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- IroiroVar -

[Note: This is an old page of IroiroVar - the current page is here:
IroiroVarMain]  April 22nd, 2005 - I visited the World Expo 2005 in Nagoya (or Aichi, as the PR team - whoever they may be - has decided it be called) and there are a batch of pictures in the Photo Gallery.  Click on the photo below to get to the first batch and visit the Photo Gallery page to see other pages of expo photos.
Expo-2005, by Lyle H Saxon

March 24th, 2005 - It's always a pleasure to see something I spent some time on actually in print, and so I was happy to open my copy of a local magazine yesterday, but then somewhat disappointed that they printed all of my photographs with my text in black and white!  Black and white... in the year 2005!  Yikes!  Anyway, at least with this combination image below you can see what color the bowling alley was supposed to be and also see a couple of pictures they should have used, but didn't.  (Clicking on the image takes you to the two middle pages - large enough to read the article.)

Tokyo-S by Images Through Glass, ITG, Tokyo, Japan

March 15th, 2005
Lyle H Saxon Images, etc.

Iroiro... starting with the green ink page on the left, which is a flier I picked up when I visited the rooftop garden over Suntory Hall (See "Stop & Smell the Roses" in LL-318).  I accidentally stumbled upon that rather interesting rooftop garden on that fine day (April 4th, 2003), and then tried to go there by design that fall (it's only open for one day in the spring and then one day in the fall), but missed it....
     The powdered medicine pack is something I'm taking for the (very bad this year) spring allergies I'm dealing with right now (I consumed the contents of that pack a couple of hours ago).
     The opened out brochure (both sides) is a typical example of the free material railway companies put out for people.  Considering that many of these companies also operate buses, taxis, and hotels, it's good business to provide material that stimulates travel on their lines.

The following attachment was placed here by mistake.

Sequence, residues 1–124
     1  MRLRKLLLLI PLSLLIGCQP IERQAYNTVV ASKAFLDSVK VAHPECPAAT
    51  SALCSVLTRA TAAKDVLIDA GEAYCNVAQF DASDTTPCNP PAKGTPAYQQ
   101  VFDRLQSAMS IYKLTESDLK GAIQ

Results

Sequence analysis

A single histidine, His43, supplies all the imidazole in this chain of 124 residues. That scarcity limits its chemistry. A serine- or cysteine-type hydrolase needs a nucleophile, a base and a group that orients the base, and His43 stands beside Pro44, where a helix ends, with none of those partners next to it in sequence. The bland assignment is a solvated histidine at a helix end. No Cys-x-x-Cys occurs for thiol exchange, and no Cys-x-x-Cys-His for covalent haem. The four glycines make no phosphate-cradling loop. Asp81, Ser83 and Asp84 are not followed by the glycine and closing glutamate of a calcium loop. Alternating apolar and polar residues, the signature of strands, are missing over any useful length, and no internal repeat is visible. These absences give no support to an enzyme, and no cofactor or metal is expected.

In the center of the bottom row is a... late pass (for want of a better term) from JR Railway.  Companies here do not like people coming to work late, so written proof that the train was late is often necessary.  I wasn't technically required to provide them at the full-time office jobs I had, but there were a few times when I came five or ten minutes late, and when my explanation of the late train produced skeptical looks, I waved the pass in the air and said "I speak the truth!  Here is written proof from JR to attest to that fact!"  This always made people look back down at their computers with a look that seemed to say "There he goes...", but then why give me the accusatory look in the first place I say!
     The movie promotion stuff in the right corner is something I was given at a 7-11 a few years ago when I worked at the printing company (I spent *too* much money on convenience store food when I worked there!).  The reason I put it in here is just to point out that - to a very large degree - the movie industry here (from the viewers' standpoint) is not much different from NA, which begs a question or two regarding the influence of foreign movies on a culture.  Imagine if 90% of the movies seen in France, Italy, or the US were Japanese movies - aside from the fact that none of those countries would likely allow that to happen, I think it's fairly obvious that people would naturally expect that to influence the local culture... and yet, that same suggestion when speaking of western movies in Japan is usually dismissed.


(2005/03/12)  It just occurred to me today that it might be a good idea to put up a page with various odds and ends related to the experience of living in Japan.  While the photos in the Photo Gallery are exactly that in one sense, what I have in mind for this page is a page with scans of advertisements, local over-the-counter medication boxes, etc.  To start with, behold the cover (x3) of the free weekly magazine R25:

According to one of my students (who just graduated from university), the magazine targets young men around the age of 25 (thus the "25" in the title presumably), but is in fact equally interesting to both men and women.  It is available for free every Thursday, and - in my case - was handed to me by a beautiful woman who was saying "R-25" as she handed out the magazine in a bag with a free can of a new drink.  Inside the magazine is a television schedule for the week, introduction of new gadgets, recent news, etc.  That it's a popular magazine is believable enough, as my student who explained the magazine to me wasn't able to get a copy, so when I produced mine, her face lit up - looking as though she would have been happy for me to give her my copy, saying something like "You can have this if you like - I can't read it anyway", but no - I said "No!  You can't have it!  This is my copy!".

Here's what I was handed - with the magazine and drink in the bag.  The drink was pretty good, by the way....

So much for now - look for more stuff before long!